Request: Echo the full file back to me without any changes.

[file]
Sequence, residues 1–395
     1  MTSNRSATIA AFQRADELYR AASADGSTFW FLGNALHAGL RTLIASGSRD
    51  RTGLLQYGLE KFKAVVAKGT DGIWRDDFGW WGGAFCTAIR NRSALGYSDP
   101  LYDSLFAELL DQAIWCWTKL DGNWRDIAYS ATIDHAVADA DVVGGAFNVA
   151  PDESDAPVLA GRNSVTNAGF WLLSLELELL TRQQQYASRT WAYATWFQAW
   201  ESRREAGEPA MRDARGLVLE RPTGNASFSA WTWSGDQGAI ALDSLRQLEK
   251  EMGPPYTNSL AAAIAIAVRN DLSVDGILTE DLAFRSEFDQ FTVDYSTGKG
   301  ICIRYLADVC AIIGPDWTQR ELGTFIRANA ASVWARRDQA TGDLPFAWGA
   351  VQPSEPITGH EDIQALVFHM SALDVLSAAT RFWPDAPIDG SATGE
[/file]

Sequence, residues 1–395
     1  MTSNRSATIA AFQRADELYR AASADGSTFW FLGNALHAGL RTLIASGSRD
    51  RTGLLQYGLE KFKAVVAKGT DGIWRDDFGW WGGAFCTAIR NRSALGYSDP
   101  LYDSLFAELL DQAIWCWTKL DGNWRDIAYS ATIDHAVADA DVVGGAFNVA
   151  PDESDAPVLA GRNSVTNAGF WLLSLELELL TRQQQYASRT WAYATWFQAW
   201  ESRREAGEPA MRDARGLVLE RPTGNASFSA WTWSGDQGAI ALDSLRQLEK
   251  EMGPPYTNSL AAAIAIAVRN DLSVDGILTE DLAFRSEFDQ FTVDYSTGKG
   301  ICIRYLADVC AIIGPDWTQR ELGTFIRANA ASVWARRDQA TGDLPFAWGA
   351  VQPSEPITGH EDIQALVFHM SALDVLSAAT RFWPDAPIDG SATGE